You’ve probably heard of the Conti ransomware group. After their 2020 emergence, they’ve accumulated at least 700 victims, where by “victims” we mean ‘big fish’ corporations with millions of dollars in revenue; unlike your average neighborhood ransomware operation, Conti never cared for extorting your mother-in-law for her vacation photos. For a while, Conti was the face of ransomware, along with fellow gang REvil – until this February, when 14 REvil operatives were arrested by the Russian authorities, leaving Conti effectively alone in its position as a major league ransomware operation. At the time, this was cautiously hailed as a sign of goodwill on Russia’s part; some figured that possibly the Russians would finally refuse to tolerate the incessant and irreverent attacks originating on Russian soil and targeted at western corporate offices, schools and hospitals. Now, a month later and two weeks into the full-blown war between Russia and Ukraine, this utopian vision does not seem so likely.
On February 25th, 2022, Conti released a statement of full support for the Russian government — coupled with a stern warning addressed at anyone who might consider retaliating against Russia via digital warfare.
Figure 1 – Initial announcement of Conti group supporting Russia
A few hours later, someone high up the chain at Conti must have realized that this statement might possibly backfire, and it was modified to read as follows:
Figure 2 – Modified announcement of Conti group supporting Russia
As per Dr. Maya Angelou’s famous quote, “When someone shows you who they are, believe them the first time”. A lot of people were angry, and didn’t care for the clarification. To Conti’s dismay, one of these people had the means to meaningfully act on their anger.
Starting February 27, a new Twitter account appeared by the name of “ContiLeaks”, and started doing unto Conti as they often did unto corporations who won’t pay up. Allegedly a Ukrainian security researcher, ContiLeaks published a huge log containing hundreds of thousands of Jabber and Rocket.Chat messages that Conti had used for internal communication. This led to a veritable gold rush of researchers diving into the huge pile of messages and sharing their summaries, findings and observations; we’d be remiss not to mention the in-depth series of blog posts published by Brian Krebs, who read the entire leak and distilled it into a list of takeaways – a sacrifice that must not be taken for granted.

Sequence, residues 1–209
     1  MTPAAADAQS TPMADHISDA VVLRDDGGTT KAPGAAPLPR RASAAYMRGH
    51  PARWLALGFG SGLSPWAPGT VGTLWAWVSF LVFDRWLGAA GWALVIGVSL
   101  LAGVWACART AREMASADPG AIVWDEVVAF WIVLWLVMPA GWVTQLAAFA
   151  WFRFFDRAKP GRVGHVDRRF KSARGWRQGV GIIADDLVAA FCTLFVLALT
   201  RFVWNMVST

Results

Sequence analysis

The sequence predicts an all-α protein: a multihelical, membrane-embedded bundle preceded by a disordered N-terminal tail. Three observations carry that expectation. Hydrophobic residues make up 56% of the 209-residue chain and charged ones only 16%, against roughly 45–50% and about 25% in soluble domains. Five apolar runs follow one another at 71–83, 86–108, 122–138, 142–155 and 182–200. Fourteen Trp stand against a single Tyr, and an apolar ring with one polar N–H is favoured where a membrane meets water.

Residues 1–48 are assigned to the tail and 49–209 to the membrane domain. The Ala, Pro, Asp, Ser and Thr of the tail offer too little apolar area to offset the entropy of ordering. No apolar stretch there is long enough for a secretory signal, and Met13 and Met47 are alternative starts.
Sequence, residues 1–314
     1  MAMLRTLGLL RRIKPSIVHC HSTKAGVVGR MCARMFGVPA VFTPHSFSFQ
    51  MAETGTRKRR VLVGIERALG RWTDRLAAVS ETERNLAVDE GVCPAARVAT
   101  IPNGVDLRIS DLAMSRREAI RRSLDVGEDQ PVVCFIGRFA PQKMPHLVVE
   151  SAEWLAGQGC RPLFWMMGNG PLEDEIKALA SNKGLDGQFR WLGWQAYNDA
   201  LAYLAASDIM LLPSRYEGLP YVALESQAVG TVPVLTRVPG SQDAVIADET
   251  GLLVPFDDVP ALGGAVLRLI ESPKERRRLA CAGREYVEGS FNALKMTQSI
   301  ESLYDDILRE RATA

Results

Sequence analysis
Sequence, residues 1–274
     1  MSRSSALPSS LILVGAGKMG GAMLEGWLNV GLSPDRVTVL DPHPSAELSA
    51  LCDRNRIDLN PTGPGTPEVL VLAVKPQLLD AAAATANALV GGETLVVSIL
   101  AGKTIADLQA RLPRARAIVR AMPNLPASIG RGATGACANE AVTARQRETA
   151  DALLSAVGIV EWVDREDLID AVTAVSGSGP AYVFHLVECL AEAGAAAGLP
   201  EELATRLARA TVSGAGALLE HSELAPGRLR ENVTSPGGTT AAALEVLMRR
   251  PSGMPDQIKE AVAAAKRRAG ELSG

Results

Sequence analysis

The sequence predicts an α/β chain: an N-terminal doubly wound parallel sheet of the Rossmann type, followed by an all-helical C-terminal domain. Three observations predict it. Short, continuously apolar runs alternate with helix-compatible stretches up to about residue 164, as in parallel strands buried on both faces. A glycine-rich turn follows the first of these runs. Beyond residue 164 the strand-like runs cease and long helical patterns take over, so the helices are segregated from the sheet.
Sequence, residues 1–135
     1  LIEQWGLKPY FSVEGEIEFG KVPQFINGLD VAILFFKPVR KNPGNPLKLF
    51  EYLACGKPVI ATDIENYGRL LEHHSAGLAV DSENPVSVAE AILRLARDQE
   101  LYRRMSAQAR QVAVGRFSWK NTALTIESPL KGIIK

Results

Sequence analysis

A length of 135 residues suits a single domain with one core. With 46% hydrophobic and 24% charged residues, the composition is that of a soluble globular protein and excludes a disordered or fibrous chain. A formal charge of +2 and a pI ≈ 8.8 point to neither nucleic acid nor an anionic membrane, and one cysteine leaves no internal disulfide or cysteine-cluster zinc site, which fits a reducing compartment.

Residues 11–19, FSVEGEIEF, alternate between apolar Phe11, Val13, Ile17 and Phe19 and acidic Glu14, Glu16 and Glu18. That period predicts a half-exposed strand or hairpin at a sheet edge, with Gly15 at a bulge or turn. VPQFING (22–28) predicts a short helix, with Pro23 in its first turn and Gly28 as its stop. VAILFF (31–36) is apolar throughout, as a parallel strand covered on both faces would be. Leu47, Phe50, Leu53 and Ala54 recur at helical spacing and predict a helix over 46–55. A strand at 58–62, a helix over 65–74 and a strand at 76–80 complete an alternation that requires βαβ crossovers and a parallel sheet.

We say that because the data-set in question is simply maddening to wade through. First of all, as noted above, it is huge. Once you get past that, there are many other problems. Some of the messages are missing. Some of the messages are unclear. Some of the messages were encrypted with OTR (Off-the-Record Messaging). Some of the messages contain Russian slang that does not survive automatic translation — such as the below conversation which was, originally, about email address blacklisting evasion:
Figure 3 – Example of how tricky is Russian slang for automated translation tools
That first message feels like it should lead to a punchline a la “my dog has no nose”, but all it leads to is frustration and sadness on the part of the analyst reading it – as do many other similar messages. Still, with all the above said, these messages offer an unprecedented insight into the operations of the Conti Corporation. And it is a corporation, for all intents and purposes; there’s an HR department, a hiring process, offline office premises, salaries and bonus payments. If it weren’t for the looming threat of prison, you could mistake Conti for a normal tech startup. In this article, we delve into the inner workings of the surprisingly startup-like Conti group.
Conti’s structure is almost a classic organizational hierarchy, with team leaders who report to upper management, but to their credit there are many instances of different groups working with each other directly (this is called “horizontal information flow”, and is a Good Thing and a sign of organizational health, as any steeple-handed thinkfluencer will happily tell you).